eCommunities Program Boosts Entrepreneurial Capacity in Rural Nebraska | Nebraska today
The term “community environment” can cover everything from culture to security to infrastructure. But when Shawn Kaskie, a Broken Bow-based Rural Prosperity Nebraska extension educator, talks about the community environment, he has a special meaning in mind.
“For communities to thrive,” Kaskie said, “leaders and business owners need to create and grow a strong entrepreneurial environment.”
To foster entrepreneurship in rural Nebraska, Kaskie created eCommunities, a program funded by the WE Economic Development Administration that focuses on helping communities identify, collect, and cultivate resources that encourage entrepreneurship in their cities. He works with three entrepreneurial coaches (eCoaches) and six communities: Doris Lux in the greater Columbus area; Caleb Pollard in Broken Bow, Ord and Valentine; and Teliza Rodriguez in Grand Island and the greater Hastings area.
Having recently passed halfway through the two-year program, Kaskie said he is proud of the evolution in thinking about entrepreneurship he has witnessed so far.
“Attitudes and mindsets matter,” Kaskie said. “When we believe we can be successful, we tend to be more successful. When we are labeled as challenged with limited potential, we are often held back by holding ourselves back.
With guidance from Kaskie and her team of three entrepreneurial coaches, the eCommunities program follows a blueprint to get people to start thinking about what success looks like in their cities. It begins with conversations among community-selected steering committee members that focus on identifying the strengths and weaknesses of their entrepreneurial climate.
For example, the Grand Island committee quickly recognized where it was struggling.
“We hadn’t created, encouraged, grown, supported (entrepreneurship) the area of our business development in years,” said Grand Island and Chamber of Commerce committee member Cindy Johnson. “We are a community that was founded by entrepreneurs, but there was a void.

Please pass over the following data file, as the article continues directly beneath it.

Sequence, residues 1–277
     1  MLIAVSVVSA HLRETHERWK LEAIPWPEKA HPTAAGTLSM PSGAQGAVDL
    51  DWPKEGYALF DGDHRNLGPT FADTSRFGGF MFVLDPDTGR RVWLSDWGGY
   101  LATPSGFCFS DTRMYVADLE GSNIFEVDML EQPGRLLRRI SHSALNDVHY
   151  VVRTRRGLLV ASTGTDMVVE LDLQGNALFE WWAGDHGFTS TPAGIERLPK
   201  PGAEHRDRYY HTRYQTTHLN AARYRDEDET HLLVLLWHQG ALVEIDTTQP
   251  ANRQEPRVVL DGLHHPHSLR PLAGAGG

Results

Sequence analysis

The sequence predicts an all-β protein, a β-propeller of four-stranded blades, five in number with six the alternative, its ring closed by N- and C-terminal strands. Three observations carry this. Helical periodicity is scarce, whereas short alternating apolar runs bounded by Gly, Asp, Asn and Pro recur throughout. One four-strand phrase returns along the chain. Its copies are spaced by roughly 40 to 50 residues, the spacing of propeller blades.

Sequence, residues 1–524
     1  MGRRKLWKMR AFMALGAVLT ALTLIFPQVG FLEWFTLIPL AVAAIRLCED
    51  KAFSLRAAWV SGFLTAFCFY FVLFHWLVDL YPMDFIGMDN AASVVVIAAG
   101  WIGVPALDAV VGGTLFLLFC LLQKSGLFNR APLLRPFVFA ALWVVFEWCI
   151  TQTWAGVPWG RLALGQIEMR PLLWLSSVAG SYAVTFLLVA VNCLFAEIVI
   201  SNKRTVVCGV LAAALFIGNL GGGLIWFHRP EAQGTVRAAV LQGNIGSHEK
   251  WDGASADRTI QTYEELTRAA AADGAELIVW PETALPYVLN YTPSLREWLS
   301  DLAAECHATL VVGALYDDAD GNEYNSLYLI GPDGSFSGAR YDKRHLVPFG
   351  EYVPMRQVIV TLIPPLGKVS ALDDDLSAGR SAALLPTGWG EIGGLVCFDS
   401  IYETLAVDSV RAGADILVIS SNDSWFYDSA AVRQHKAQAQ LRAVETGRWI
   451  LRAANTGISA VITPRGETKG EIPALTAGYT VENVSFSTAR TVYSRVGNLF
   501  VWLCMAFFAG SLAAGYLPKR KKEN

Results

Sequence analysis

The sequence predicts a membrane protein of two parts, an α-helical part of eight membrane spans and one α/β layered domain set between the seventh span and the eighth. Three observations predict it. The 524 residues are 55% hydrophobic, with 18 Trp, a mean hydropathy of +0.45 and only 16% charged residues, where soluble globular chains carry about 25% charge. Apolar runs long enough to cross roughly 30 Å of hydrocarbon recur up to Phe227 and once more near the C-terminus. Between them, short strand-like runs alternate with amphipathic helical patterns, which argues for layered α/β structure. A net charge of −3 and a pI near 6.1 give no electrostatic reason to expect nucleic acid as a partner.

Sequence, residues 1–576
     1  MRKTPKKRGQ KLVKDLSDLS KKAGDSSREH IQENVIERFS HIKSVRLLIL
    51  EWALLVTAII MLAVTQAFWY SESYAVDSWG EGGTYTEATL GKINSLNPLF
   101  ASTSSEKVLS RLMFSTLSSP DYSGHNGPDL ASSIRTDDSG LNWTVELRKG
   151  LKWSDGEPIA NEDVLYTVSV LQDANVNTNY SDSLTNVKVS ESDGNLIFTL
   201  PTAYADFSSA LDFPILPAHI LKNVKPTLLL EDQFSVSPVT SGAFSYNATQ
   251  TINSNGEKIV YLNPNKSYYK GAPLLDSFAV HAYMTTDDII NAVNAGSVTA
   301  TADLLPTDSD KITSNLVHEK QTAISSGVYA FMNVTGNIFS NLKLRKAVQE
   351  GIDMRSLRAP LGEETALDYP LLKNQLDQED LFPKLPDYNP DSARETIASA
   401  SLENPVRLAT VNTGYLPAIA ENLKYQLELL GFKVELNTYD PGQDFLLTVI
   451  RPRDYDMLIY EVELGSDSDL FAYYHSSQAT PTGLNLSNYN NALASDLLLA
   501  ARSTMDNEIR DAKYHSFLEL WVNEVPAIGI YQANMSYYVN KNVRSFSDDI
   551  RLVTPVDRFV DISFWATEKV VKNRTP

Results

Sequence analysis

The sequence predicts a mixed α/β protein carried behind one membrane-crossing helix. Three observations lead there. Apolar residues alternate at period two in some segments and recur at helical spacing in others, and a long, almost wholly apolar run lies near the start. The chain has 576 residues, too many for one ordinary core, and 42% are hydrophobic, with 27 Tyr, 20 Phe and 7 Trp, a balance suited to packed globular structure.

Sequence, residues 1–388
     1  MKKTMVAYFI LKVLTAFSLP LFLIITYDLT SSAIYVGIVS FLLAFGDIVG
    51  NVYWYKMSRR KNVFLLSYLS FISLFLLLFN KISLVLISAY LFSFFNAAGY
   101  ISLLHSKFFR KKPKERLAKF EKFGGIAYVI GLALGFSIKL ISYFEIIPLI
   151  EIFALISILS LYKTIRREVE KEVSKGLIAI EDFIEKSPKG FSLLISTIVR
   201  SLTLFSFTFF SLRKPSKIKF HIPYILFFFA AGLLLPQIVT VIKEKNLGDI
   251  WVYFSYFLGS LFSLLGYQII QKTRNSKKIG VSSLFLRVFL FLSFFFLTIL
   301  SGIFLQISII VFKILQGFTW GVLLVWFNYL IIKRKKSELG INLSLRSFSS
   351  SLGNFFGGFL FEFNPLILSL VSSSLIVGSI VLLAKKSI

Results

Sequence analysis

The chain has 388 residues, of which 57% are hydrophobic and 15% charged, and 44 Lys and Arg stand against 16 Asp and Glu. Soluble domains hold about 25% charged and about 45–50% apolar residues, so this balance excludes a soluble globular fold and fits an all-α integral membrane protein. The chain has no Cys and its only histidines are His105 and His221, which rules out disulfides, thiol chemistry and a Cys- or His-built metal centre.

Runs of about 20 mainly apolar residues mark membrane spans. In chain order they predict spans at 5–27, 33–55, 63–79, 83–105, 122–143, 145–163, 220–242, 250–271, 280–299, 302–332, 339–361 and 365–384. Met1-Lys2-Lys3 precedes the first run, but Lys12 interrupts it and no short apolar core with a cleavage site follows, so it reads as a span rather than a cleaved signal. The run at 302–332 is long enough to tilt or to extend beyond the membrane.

These discussions lead communities to the next step in the process, creating goals and action plans to build on strengths and develop areas that may be lacking. Although the program follows a plan, the results so far vary from city to city – just as it was designed.
“Yes, there are phases in this process,” Kaskie said, “but it’s community coaching. It’s all locally reactive.
The Grand Island committee is now focusing part of its efforts on a youth entrepreneurship program for the 2022-23 school year. High school sophomores across Hall County can volunteer to take a Gallup test to identify entrepreneurial propensities. The top 10% will take part in a two-day workshop called the Inspiration Rally.
During the workshop, students will complete one of two tasks, said Dave Taylor, Grand Island’s director of economic development. Either they create a business idea within their groups, or the participating communities submit a problem they are having, and the students come up with solutions to rectify the problem.
“Then it becomes a ‘Shark Tank’ type situation,” Taylor said. “The winning team will receive a $1,000 reward for their innovative ideas. »
Efforts on the ground to strengthen entrepreneurial environments vary, from organizing youth-centric programs to creating a collaborative coworking space for startups, one of Columbus’s goals. In Ord, Lacy Griffith, owner of The Ord Quiz and Quiz Graphic Arts, worked with an eCoach to bring web-based technology to increase productivity in her businesses.
“We were using paper work orders, and it was a nightmare,” Griffith said. “One of the first things (our eCoach) suggested was to find an online production management tool to keep everything together in one place where everyone can access it. Honestly, it helped so much.
“It’s increased efficiency, which has helped create more business because you have more time to do more business,” said Kristina Foth, office manager. “If a community has the ability or the resources to employ a business coach, it’s a powerful message to be able to say, ‘We want our community to grow; therefore, we invest in local businesses to provide individualized and one-on-one support. »
Regardless of the results of working with eCoaches, the spirit behind the activities of individual cities is a constant across Nebraska. eCommunities helps foster that spirit, Kaskie said.
“Community capacity building is fundamental for every community, from the largest and most vibrant to the smallest and most distressed,” he said. “Entrepreneur-led development, done right, inherently builds the capacity of the community to do more with entrepreneurs and overall community economic development. Human talent – driven, passionate, capable – is the cornerstone of today’s thriving economies and communities.
Although the eCommunities program is only funded for two years, Kaskie hopes the impact will last much longer.
“The attraction, development and retention of people, coupled with the intelligent creation of quality places to live, evolves a community and regional environment where entrepreneurs – and the communities in which they live, work and play – thrive,” Kaskie said. “With the prosperity development framework in mind, creating an entrepreneurial ecosystem is the way to achieve the desired goals.”